Anne Downie had never heard of The Yellow on the Broom when she was approached with a view to adapting the first part of Betsy Whyte’s memoirs of growing up in a Scottish Traveller community in the 1920s and 1930s for the stage. The idea had come from playwright Tom McGrath, who was then Associate Literary Director for Scotland, who suggesting to John Carnegie, the then head of Winged Horse theatre company that Whyte’s captivating story, which she first started writing in the 1970s, might make a good play.
“It toured everywhere,” says Downie on the eve of a revival of the play at Dundee Rep almost thirty years after it first appeared. “It opened in Skye, and went all over Scotland. It was on at the Tron in Glasgow, and a woman came up to me from what I think was then Strathclyde Region, and she wondered if there might be any possibility of it going on in the camps, because while the women from the camps would come and see it, the men wouldn’t go into theatres. It never happened, which is a pity, but they did a production in Arbroath, and Betsy’s husband and family came.”
Downie met Whyte with a view to collaborating closely on the project. Whyte, alas, died before it could come to fruition.
“I met her once,” says Downie, “but she was found dead in her caravan at a folk festival, so we didn’t really get a chance to collaborate at all. The one thing she did do was give the play its opening. I kept wondering how I was going to begin the play, because it’s all a series of her memories, and I said to her at that meeting, how do you feel now living in a house, because her husband had a bad back, and they had to live in a house in Montrose. She said, there’s many a night I count the tiles from the cooker to the window, and I’m out there in the open air. As soon as she said that I had my beginning.”
Downie had her eyes opened to such cultural differences from the start.
“I thought Betsy’s book was an insight into a world that I knew nothing about, and that most people knew nothing about,” she says. “That was the interesting bit for me. The fact that they had certain beliefs about doctors that went right back to body-snatching days, and ideas about cleanliness, that dirt comes out the ground not dirty, these were totally different beliefs to anything most people know about. I think people get confused now because of things like My Big Fat Gypsy Wedding, but there’s the fact that Travelling people have been in Scotland for hundreds of years. There was an article I read recently that said there were references to Travellers dating back to 1102.”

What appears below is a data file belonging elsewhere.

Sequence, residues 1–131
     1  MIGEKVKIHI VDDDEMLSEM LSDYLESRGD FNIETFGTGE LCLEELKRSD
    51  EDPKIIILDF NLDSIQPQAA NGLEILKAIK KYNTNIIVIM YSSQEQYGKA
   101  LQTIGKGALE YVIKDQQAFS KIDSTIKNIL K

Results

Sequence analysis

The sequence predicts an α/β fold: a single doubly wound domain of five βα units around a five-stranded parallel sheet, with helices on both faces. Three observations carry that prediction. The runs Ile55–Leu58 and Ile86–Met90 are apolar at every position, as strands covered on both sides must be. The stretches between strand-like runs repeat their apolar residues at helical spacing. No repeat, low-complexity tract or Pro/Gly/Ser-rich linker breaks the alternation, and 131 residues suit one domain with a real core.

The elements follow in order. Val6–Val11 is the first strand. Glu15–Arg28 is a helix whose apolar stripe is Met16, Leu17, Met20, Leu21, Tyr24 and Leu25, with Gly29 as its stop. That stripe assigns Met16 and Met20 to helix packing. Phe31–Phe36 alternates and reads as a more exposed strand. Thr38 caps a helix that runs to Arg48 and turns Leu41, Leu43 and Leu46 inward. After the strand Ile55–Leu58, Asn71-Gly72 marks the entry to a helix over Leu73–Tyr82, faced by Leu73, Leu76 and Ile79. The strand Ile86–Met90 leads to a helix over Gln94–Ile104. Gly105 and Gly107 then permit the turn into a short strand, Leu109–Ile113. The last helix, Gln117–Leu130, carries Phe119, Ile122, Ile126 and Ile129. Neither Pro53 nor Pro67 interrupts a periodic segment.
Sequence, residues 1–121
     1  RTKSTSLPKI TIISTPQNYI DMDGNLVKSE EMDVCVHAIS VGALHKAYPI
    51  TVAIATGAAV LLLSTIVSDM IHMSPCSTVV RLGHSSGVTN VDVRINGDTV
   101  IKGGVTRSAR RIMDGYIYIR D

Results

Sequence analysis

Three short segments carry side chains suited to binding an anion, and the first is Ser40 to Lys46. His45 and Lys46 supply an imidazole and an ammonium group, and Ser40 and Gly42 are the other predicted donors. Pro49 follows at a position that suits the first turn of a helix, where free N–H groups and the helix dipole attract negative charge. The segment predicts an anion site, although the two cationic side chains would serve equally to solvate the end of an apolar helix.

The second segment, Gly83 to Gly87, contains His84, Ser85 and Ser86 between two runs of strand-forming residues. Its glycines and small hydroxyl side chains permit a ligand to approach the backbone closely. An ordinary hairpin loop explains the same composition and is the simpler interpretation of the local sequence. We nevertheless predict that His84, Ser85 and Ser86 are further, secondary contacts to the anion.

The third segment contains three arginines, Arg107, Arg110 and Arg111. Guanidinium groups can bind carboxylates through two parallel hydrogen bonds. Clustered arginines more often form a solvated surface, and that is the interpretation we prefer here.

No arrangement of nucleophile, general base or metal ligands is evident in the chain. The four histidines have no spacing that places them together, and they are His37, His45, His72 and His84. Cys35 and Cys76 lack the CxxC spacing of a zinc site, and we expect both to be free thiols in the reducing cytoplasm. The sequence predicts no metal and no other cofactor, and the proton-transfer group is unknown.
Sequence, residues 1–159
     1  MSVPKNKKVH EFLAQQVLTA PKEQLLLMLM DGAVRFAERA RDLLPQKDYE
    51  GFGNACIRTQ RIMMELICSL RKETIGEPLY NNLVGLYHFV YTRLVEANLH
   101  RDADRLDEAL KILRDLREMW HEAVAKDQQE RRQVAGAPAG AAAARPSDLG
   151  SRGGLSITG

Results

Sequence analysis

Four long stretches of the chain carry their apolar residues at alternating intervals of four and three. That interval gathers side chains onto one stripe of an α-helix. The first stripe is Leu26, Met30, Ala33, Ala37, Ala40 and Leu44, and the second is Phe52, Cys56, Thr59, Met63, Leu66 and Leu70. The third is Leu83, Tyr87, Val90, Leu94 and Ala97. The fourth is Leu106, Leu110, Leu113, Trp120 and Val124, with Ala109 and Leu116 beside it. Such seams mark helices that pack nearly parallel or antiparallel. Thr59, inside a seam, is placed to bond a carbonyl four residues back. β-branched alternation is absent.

Downie discovered all this while she and Carnegie delved through the archives of the
School of Scottish Studies at the University of Edinburgh.
“There was a lot of Betsy’s stories and songs there,” says Downie, “and we got a lot of information from that, because I wanted to be true to her and not impose my own ideas on it. I wanted to find out where Travellers came from, and one of the things I found out from the School of Scottish Studies was that a lot of people joined the Travelling community after the Jacobite Rebellion, so there seems to have been a travelling community for hundreds of years, but I think now, you don’t have the freedom to roam, so there’s a way of life that’s being lost.”
Downie also integrated ideas from Whyte’s sequel to The Yellow on the Broom, Red Rowans and Wild Honey into her adaptation, which she has revisited for Dundee Rep’s production, shortening it slightly, as well as adding new material.
“I was re-reading Red Rowans and Wild Honey recently,” says Downie, “and I took this idea from the book that not only is a way of life is being lost, but the fact that the countryside isn’t what it was. In those days there was no pollution, and you could drink from any mountain stream, but now that land’s polluted. That’s so true, so in a way The Yellow on the Broom isn’t just an elegy for the travelling community, but for the countryside as well.”
The Yellow on the Broom, Dundee Rep, August 28-September 22. Macrobert Arts Centre, Stirling, September 26-29.